بررسی اثر ناظر بر آموزش انطباقی در نوجوانان مبتلا به اوتیسم
|کد مقاله||سال انتشار||مقاله انگلیسی||ترجمه فارسی||تعداد کلمات|
|31546||2014||4 صفحه PDF||سفارش دهید||محاسبه نشده|
Publisher : Elsevier - Science Direct (الزویر - ساینس دایرکت)
Journal : Research in Developmental Disabilities, Volume 35, Issue 2, February 2014, Pages 537–540
Three mothers conducted behavioral observations of video clips of a mother conducting compliance training to varying degrees of accuracy. Subsequently, two mothers correctly conducted compliance training and their children emitted compliant behavior. Upon addition of feedback, the third mother correctly implemented compliance training and her child also emitted complaint behavior. Conducting behavioral observations may be a viable and efficient option for training parents to conduct compliance training and, if ineffective, can be supplemented by feedback.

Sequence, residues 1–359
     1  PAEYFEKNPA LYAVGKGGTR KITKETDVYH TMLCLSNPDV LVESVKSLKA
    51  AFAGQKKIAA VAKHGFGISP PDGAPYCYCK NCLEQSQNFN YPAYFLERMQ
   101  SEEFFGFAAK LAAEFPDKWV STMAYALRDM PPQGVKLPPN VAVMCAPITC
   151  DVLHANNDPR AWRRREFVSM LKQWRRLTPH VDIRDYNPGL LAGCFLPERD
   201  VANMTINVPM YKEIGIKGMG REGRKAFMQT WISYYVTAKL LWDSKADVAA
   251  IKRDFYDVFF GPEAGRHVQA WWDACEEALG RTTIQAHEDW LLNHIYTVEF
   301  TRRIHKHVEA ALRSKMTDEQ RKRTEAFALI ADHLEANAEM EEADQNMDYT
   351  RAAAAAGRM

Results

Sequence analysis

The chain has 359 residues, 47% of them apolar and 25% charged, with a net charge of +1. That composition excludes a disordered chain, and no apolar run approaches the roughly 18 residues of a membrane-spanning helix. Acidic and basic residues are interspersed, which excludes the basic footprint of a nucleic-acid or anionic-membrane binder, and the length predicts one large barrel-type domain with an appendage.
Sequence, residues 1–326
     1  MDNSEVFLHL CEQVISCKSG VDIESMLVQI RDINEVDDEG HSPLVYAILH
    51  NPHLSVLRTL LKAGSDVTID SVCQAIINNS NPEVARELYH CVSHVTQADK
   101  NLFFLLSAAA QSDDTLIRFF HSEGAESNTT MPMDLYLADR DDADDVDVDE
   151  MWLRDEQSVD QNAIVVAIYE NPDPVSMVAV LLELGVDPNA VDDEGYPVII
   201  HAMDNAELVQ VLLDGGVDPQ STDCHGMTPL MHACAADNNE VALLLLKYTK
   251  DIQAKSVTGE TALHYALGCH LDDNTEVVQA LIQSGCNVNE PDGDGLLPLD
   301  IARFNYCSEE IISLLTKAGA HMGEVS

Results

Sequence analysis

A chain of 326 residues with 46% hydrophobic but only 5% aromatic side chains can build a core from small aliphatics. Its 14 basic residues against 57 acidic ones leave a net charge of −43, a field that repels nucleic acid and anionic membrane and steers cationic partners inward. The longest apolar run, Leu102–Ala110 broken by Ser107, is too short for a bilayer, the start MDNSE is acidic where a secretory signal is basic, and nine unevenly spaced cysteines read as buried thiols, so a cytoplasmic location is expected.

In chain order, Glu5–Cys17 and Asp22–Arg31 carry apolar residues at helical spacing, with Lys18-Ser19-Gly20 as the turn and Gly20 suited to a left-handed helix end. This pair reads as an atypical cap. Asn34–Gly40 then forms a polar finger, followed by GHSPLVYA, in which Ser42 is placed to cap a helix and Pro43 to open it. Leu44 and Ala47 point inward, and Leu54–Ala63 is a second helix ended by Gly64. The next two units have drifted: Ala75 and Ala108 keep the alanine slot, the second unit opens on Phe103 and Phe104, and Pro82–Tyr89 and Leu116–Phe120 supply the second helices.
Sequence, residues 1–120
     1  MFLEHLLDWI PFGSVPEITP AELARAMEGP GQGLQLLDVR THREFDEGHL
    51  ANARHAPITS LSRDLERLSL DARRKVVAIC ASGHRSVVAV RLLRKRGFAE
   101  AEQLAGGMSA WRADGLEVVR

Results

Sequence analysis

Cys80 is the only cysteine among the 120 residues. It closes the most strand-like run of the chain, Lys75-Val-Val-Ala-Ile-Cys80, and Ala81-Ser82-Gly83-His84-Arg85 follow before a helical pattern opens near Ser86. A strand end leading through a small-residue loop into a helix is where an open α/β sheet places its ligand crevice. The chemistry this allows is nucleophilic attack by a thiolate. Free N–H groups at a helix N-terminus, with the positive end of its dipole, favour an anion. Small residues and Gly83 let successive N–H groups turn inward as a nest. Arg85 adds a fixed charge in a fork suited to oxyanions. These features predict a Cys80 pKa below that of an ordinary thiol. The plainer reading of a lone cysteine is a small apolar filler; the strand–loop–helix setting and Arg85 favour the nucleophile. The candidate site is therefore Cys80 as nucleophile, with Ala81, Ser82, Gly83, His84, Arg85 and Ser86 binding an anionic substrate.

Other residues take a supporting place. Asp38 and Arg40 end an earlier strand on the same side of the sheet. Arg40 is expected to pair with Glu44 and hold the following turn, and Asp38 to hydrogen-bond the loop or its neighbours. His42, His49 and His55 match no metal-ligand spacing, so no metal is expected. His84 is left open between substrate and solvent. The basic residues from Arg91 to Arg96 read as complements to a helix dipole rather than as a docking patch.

Approximately 1 in 88 children are diagnosed with Autism Spectrum Disorders (ASD) in the USA (Baio, 2008) and applied behavior analysis is one of the few evidence-based practices for ASD (National Autism Center, 2009). Although behavioral skills training may be effective in training parents to implement ABA (Sarakoff & Sturmey, 2004), there is a continuing need to develop maximally efficient training methods, including those that could be disseminated through web-based technology. One promising method that has been effective and efficient in changing behavior is the so-called observer effect, which refers to the effects of conducting behavioral observations on the subsequent behavior of the observer. For example, Alvero and Austin (2004) found that when undergraduate students working in a simulated office observed and collected data on a confederate's safe and unsafe posture that their own behavior subsequently changed in that they emitted more safe behavior. Two papers have evaluated the effects of behavioral observations on staff performance when working with individuals with disabilities. Guerro and Dixon (2011) evaluated the effects of making behavioral observations of videotapes of appropriate interaction skills in staff working with individuals with acquired brain damage. They found that behavioral observations resulted in large increases in staff interactions. Further there were benefits for individuals as demonstrated by increases in individual engagement and behavioral indices of happiness. More recently, Thomas (2013) evaluated the effects of behavioral observations of peers conducting discrete trial teaching. He found that this resulted in an increase in staff correct implementation of discrete trials teaching. Making behavioral observations is an interesting and potentially efficient and effective technology to train caregivers. Although there have been only two previous studies of the effects of conducting behavioral observations on staff implementing ABA procedures with individuals with disabilities, no studies have evaluated its effects on training parents and the range of teaching skills is limited. Therefore, this study evaluated the effects of parents conducting behavioral observations of video clips of compliance training, which is an effective procedure for reducing non-compliance (Wilder et al., 2010 and Wilder et al., 2012), on their subsequent use of compliance training and on their children's complaint behavior.